HARDNESS – 1820
WORKABILITY – Easy to work with overall, but it’s high density means its more susceptible to tearout. It takes stain more readily than other hardwoods.
COST – Moderately expensive
Pine is a very common material for furniture making and is known for being the most cost-effective option since it is plentiful in almost all regions of the United States and is not endangered.
Pine is very easy to work with as it takes nails and screws easily while exuding a pleasant scent. Unfortunately, it’s not one of the hardest options but this can be easily fixed with a high-quality clear coat.
Pine wood is known for it’s knot holes and depending on your tastes, that can be a really good or bad thing. If you like the rustic feel of knotted pine, then chances are you embrace the intricate differences in every piece of wood.
But if you’re like me, and don’t love the knots in pine, they can be easily covered with some faux stains I mention below. Because of it’s low cost and workability, you can make a refinish a pine table with a faux stain to look just like a high-end hardwood without spending a lot.
APPEARANCE – Light brown with golden hues and lots of knots compared to most other wood types
DURABILITY – Good but doesn’t stand up to dents as well as other woods
HARDNESS – 380 but is still a strong wood
WORKABILITY – Very easy to work with. It can be glued easily and takes nails and screws
COST – Cheap
What Is The Best Wood for Making a Dining Table?
The Problem with Traditional Stain
Once you have completed your table, you have lots of options when it comes to the final color of the wood. But applying a traditional stain to a newly finished furniture piece can be trickier than you might think.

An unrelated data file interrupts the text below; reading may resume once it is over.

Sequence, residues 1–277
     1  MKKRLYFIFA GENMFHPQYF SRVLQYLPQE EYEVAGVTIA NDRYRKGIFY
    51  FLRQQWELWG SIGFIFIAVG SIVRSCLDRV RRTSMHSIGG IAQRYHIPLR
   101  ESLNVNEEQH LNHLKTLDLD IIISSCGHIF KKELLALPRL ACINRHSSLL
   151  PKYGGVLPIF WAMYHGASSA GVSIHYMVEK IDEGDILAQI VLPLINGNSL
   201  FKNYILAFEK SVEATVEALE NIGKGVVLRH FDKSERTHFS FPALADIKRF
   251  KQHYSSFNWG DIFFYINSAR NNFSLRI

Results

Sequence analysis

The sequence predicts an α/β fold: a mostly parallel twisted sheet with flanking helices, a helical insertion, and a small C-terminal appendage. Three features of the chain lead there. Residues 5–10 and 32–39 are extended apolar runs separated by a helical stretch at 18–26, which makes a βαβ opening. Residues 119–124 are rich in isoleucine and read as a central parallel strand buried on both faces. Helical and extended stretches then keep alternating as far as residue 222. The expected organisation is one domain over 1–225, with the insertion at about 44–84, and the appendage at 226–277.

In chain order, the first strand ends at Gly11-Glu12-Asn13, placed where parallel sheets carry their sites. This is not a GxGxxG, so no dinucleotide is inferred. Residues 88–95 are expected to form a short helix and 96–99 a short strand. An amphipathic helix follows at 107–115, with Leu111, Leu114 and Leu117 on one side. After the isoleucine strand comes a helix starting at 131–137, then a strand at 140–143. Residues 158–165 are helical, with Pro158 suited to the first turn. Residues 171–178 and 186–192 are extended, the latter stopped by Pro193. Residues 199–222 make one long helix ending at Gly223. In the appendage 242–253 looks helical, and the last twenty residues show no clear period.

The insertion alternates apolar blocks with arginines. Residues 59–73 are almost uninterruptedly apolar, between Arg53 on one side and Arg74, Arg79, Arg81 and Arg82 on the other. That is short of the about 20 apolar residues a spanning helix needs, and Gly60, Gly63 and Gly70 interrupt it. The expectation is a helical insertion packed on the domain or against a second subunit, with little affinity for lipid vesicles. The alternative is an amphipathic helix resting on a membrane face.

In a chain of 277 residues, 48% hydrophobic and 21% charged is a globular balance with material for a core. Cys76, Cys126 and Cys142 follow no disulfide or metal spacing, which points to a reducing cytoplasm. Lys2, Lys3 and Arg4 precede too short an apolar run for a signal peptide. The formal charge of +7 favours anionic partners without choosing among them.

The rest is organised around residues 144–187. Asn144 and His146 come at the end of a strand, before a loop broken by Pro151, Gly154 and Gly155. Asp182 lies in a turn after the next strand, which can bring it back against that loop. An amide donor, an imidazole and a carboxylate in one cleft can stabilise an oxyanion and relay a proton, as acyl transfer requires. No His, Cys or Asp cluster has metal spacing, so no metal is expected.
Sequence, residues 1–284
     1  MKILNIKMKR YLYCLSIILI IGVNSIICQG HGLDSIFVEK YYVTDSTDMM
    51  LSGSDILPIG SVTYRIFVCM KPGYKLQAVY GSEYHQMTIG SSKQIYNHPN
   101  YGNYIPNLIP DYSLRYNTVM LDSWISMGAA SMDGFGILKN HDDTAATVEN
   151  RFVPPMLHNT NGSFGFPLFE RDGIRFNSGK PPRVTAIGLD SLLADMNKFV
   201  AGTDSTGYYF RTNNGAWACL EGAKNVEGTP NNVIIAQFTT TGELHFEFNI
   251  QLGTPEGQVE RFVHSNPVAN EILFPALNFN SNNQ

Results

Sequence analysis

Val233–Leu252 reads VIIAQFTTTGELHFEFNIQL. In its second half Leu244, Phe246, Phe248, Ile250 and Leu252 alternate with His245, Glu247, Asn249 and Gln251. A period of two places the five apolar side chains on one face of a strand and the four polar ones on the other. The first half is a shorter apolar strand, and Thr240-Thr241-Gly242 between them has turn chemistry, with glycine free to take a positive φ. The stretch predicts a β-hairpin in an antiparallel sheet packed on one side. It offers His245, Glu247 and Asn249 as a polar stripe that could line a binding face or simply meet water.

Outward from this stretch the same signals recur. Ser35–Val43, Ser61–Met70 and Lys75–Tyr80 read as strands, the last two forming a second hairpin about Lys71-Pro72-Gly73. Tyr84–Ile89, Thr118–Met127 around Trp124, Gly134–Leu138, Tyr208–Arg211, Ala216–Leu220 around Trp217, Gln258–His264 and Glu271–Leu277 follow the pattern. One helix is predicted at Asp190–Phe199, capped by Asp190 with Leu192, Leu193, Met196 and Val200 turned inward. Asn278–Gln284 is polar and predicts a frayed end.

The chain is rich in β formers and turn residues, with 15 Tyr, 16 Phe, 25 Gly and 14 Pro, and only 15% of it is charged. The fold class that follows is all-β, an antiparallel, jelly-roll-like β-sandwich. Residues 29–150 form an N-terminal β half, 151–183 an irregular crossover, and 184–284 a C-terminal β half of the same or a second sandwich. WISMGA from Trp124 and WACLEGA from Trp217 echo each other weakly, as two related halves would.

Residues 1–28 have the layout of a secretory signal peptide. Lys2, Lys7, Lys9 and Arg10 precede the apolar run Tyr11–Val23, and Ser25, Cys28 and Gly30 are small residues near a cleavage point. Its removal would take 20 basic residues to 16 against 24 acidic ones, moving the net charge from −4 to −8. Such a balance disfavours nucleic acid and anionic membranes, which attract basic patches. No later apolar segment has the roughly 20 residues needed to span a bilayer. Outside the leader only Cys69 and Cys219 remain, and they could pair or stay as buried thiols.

I have had a few different emails from readers that went to all the trouble to build a farmhouse dining table but for various reasons, the stain didn’t absorb consistently. This left them with an uneven finish or streaks that really took away from the final look of their tables.
When you build a piece of furniture sometimes different pieces of wood didn’t come from the mill at the same time. Other times, different sizes of trees have different moistures levels. Uneven moisture levels in wood can affect how well the stain absorbs. This could lead to un unevenness is absorption which causes dark and light areas in the stain.
That’s why even high-end furniture stores like Restoration Hardware or Pottery Barn will use a gel stain to stain their pieces. Gel stains are semi-opaque so these darker gels stains hide any unevenness.
But when you build your own dining table, it can be difficult to know how evenly the stain will absorb until it’s too late.
Picture yourself spending hundreds of dollars for high-end hardwood lumber. You have your farmhouse table completed and now the only thing left is the stain. You start to apply it and you notice it’s not going on evenly. Some pieces of wood are darker than others and areas where you sanded more are also darker. It looks horrible and not at all what you envisioned!
Your only option at this point is to add another coat of stain in hopes that it masks the unevenness. But another coat means less of an opportunity to see that beautiful grain of the high-end hardwood you paid such a high price for.
The Solution: Use Pine and a Faux Stain
By using pine, you can use the least expensive wood. Then, you can finish the surface in a faux stain that will completely cover any imperfections in the wood. My faux stains using latex paint can replicate the look of any expensive hardwoods for a fraction of the cost.
Pine is the perfect choice for woodworking projects because of its workability. It’s a great wood for beginner woodworkers because it takes nails and screws easily.
To see my faux stain process and all the color optiosn for wood tabletops click here:
What About The Knots And Softness of Pine?
The faux stain completely covers up any knot holes. Also, pine is a softer wood but the last step of the faux stain process is applying a clear coat. After lots of testing to find the best clear coat for wood furniture, I’ve found the best option that will provide maximum durability and protection against drink rings on heavy-use items including restaurant tables. The best dining table top coat is Varathane’s Waterbased Polyurethane (click here for the current price).
Best Wood for a Farmhouse Table Top – Pine With A Faux Stain Finish
Here are several of the stain color options. As you can see, you can match just about any look with a faux stain. The great thing about a faux stain is that you can customize them to be lighter or darker to create your own unique look.
Traditional Faux Stain Options